Shopping at farmers markets supports your local farmers and keeps the money you spend closer to your neighborhood.
Freshly picked ripe food is at its peak in flavor and nutrition.
Stop by your local farmers market today, learn about where your food comes from, and enjoy some delicious and nutritious food.
The United States Department of Agriculture can help you find the nearest farmers’ market!
Wash fruits and vegetables correctly.
Tips to washing produce (as recommended by the Food and Drug Administration (FDA))
- Wash produce. Many pre-cut, bagged produce items like lettuce are pre-washed. If so, it will be stated on the packaging. This pre-washed, bagged produce can be used without further washing.
- As an extra measure of caution, you can wash the produce again just before you use it. Pre-cut or pre-washed produce in open bags should be washed before using.
- Begin with clean hands. Wash your hands for 20 seconds with warm water and soap before and after preparing fresh produce.
- Cut away any damaged or bruised areas on fresh fruits and vegetables before preparing or eating. Produce that looks rotten should be discarded.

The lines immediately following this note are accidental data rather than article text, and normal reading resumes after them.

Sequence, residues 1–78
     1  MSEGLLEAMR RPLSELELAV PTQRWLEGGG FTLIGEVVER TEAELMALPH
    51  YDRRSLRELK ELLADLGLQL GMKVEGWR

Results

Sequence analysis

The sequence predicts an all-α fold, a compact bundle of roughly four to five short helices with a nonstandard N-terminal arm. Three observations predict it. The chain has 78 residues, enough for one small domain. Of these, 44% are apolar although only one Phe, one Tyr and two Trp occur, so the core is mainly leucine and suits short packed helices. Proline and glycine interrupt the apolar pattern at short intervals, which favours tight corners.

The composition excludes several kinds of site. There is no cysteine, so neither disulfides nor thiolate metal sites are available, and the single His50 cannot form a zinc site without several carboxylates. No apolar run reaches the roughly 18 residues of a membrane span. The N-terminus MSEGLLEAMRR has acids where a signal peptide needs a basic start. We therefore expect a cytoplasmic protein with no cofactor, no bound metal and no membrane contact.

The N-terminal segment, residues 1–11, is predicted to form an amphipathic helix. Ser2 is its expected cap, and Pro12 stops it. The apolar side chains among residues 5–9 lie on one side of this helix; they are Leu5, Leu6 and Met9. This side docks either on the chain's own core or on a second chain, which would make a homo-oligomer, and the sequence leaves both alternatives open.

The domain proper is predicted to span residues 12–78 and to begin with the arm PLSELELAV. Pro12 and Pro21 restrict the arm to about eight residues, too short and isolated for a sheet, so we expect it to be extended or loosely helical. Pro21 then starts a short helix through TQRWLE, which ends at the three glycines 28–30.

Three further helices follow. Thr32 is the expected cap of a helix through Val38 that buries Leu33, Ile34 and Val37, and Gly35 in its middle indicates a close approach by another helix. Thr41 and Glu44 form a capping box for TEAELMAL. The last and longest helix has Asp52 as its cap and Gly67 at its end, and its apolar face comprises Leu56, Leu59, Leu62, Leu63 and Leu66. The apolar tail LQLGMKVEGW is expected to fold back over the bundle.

- All unpacked fruits and vegetables, as well as those packaged and not marked pre-washed, should be thoroughly washed before eating. This suggestion includes produce grown conventionally or organically at home, or produce that is purchased from a grocery store or farmer’s market.
Wash fruits and vegetables under running water just before eating, cutting, or cooking.
- Even if you plan to peel the produce before eating, it is still important to wash it first.
- Washing fruits and vegetables with soap or detergent or using commercial produce washes is not recommended.
- Scrub firm produce, such as melons and cucumbers, with a clean produce brush.
- Drying produce with a clean cloth towel or paper towel may further reduce bacteria that may be present.
RECIPE OF THE MONTH:
TOSS A SIMPLE BUT HEARTY SALAD
- Combine washed salad greens, chopped red cabbage, fresh basil or cilantro, and a variety of sliced vegetables such as tomatoes, bell peppers, snow peas, carrots, onions, cucumbers, and more.
- Top with your favorite protein, such as grilled steak, rotisserie chicken, cooked shrimp, garbanzo beans, tempeh, walnuts or edamame.
- Toss with a light dressing or a simple vinaigrette of olive oil, balsamic vinegar, salt and pepper.
FITNESS TIPS TO STAY MOTIVATED
- Set goals
Start with simple goals and then progress to longer range goals. Remember to make your goals realistic and achievable. It’s easy to get frustrated and give up if your goals are too ambitious.